German Chancellor Angela Merkel told the Frankfurter Allegemeine Zeitung (FAZ) she wants to continue a relationship with Russia despite the continuing violence in east Ukraine and threats of invasion by Russian troops.
However, she said she would consider more sanctions. Meanwhile, editors at The Kyiv Post are aggravated with the West’s slow action against Russia’s multiple war crimes.
We have, no doubt, profound disagreements. Nevertheless, I am convinced that in the medium and long term close partnership with Russia should be continued. That presupposes a minimum of common values, which must also be reflected in concrete policy.
NATO told Eastern Europe to stop defense cuts due to Russian threats, but Merkel said the situation does not need to be solved with the military. She said she would not consider adding more money to the defense budget but did not rule out more sanctions against Russia.
She did not specify the types of sanctions or exactly what has to happen in order for her to support more penalties. One of Russia’s main exports is energy. The US did not place sanctions on Russia’s energy sector until April 28 when President Obama penalized Igor Sechin, president of Rosneft, Russia’s largest petroleum company which holds lucrative contacts with US gas powerhouse ExxonMobil. Rosneft itself was not named, and neither was Russia’s gas company Gazprom nor its owner Alexei Miller.
The European Union has imposed sanctions on Russia, mainly upon people involved with Crimea’s annexation, but has largely left alone Moscow’s energy companies. In fact, the EU stated Friday it would be foolish to sanction Russia’s energy sector:
European Energy Commissioner Guenther Oettinger said Friday that Russia is Europe’s main trading partner in natural gas and that there should be therefore no sanctions against Moscow’s energy sector over the crisis in Ukraine.
Sanctions against the Russian energy sector are “something that is inappropriate,” Oettinger told reporters through an interpreter after a meeting of EU energy ministers in Athens.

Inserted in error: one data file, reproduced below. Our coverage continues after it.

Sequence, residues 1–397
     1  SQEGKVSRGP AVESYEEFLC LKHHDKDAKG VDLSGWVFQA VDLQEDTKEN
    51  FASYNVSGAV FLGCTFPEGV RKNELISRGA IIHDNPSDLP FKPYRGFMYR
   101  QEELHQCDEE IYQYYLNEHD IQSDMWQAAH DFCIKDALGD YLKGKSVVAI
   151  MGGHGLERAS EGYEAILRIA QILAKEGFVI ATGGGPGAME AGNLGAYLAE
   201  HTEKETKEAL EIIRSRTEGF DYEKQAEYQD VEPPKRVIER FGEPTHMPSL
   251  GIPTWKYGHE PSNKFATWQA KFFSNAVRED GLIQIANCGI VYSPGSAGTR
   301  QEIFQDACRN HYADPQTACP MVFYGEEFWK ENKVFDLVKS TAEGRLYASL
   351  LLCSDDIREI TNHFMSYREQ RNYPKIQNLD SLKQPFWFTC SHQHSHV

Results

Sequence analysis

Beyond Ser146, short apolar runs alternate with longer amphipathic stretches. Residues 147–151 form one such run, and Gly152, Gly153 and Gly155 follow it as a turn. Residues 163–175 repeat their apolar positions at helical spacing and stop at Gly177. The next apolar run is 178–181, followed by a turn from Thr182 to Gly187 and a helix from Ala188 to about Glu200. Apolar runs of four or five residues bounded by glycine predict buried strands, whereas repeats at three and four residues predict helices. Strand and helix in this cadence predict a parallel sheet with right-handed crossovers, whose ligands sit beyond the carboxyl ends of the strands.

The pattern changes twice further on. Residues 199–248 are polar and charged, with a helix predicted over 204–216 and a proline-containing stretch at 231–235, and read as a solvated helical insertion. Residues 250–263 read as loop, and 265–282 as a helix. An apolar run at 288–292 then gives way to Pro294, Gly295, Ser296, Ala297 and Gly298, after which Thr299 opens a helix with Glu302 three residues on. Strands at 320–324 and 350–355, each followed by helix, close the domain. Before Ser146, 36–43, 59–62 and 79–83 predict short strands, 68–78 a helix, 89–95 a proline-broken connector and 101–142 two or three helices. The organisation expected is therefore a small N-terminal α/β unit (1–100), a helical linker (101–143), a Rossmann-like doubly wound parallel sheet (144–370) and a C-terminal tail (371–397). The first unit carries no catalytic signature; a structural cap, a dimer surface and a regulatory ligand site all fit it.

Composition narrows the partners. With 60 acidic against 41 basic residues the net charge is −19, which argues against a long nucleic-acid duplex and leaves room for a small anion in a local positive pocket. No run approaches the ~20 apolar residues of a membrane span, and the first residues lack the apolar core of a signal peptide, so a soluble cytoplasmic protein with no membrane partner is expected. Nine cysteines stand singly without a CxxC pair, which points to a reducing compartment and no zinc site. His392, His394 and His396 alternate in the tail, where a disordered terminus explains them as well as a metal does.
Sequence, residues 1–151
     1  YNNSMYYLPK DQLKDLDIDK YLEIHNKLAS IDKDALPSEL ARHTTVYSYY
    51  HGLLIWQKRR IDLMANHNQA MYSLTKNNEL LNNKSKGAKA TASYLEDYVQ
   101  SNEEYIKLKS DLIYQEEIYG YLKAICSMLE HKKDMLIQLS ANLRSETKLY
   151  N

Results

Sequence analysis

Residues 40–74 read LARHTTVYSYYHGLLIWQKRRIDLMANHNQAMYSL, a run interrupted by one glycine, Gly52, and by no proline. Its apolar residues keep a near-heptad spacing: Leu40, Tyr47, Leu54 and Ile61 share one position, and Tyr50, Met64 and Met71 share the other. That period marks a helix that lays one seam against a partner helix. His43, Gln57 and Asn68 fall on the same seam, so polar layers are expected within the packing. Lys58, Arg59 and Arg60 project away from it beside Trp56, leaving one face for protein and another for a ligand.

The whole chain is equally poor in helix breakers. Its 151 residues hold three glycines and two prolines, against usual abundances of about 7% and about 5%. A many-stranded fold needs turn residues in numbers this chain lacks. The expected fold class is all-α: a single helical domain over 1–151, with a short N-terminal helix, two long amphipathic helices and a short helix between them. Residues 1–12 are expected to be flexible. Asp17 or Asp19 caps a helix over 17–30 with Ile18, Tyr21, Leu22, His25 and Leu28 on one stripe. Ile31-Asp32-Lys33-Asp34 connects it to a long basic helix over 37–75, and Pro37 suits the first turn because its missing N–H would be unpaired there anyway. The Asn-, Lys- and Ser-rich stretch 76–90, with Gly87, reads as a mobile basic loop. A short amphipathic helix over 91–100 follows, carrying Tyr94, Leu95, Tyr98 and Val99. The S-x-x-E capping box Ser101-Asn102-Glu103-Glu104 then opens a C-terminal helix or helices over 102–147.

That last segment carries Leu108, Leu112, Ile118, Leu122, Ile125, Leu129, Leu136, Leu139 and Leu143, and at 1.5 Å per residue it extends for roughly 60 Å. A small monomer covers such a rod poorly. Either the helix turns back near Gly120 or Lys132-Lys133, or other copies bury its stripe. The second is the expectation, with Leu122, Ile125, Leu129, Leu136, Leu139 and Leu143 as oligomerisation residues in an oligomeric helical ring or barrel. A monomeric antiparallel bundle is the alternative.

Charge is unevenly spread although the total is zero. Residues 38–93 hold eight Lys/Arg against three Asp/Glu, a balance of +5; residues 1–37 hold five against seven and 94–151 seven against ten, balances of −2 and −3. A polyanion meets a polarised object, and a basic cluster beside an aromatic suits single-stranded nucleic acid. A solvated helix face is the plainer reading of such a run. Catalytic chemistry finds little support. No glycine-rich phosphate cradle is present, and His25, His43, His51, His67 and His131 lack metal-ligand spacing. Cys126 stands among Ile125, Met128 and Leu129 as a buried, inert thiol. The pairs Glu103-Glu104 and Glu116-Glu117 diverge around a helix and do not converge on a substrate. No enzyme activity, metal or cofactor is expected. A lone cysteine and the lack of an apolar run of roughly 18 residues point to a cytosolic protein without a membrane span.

Needless to say, Ukrainians are impatient. The West constantly condemns Russia’s actions and showers Ukraine with promises of support and money. But actions do speak louder than words, and The Kyiv Post said, “[N]ow we know why two world wars started in Europe and the dangers of appeasement.” The Post singled out France, Germany, and Great Britain:
The EU still hasn’t grasped the reality that Russia is not a partner but rather a great threat to world peace, with the Kremlin richly deserving isolation and the harshest economic sanctions for its assault on Ukraine. This means the West should punish Russia’s energy, finance, military and hi-tech sectors – all of which the three nations play key parts in feeding.
Germany is playing a dangerous game of self-delusion by thinking that it somehow stands between the West and East. Some of the German news media have latched on to the Kremlin propaganda that Ukraine is part of a new U.S.-Russia showdown and that Ukraine is now run by “fascists.” The recent “peace” mission of German Foreign Minister Frank-Walter Steinmeier, who represents the loathsome Russophile wing once led by the morally bankrupt Putin shill Gerhard Schroeder, underscores Germany’s lack of leadership. If any people should know what it’s like to live under the jackboot of fascist, mentally unstable dictators, it’s Germany.
The Kyiv Post lashes out at France for honoring a contract with Russia that involves Mistral helicopter carriers and Great Britain which “talks a tough game” but does nothing, since London is known as a hot spot for Russia’s rich.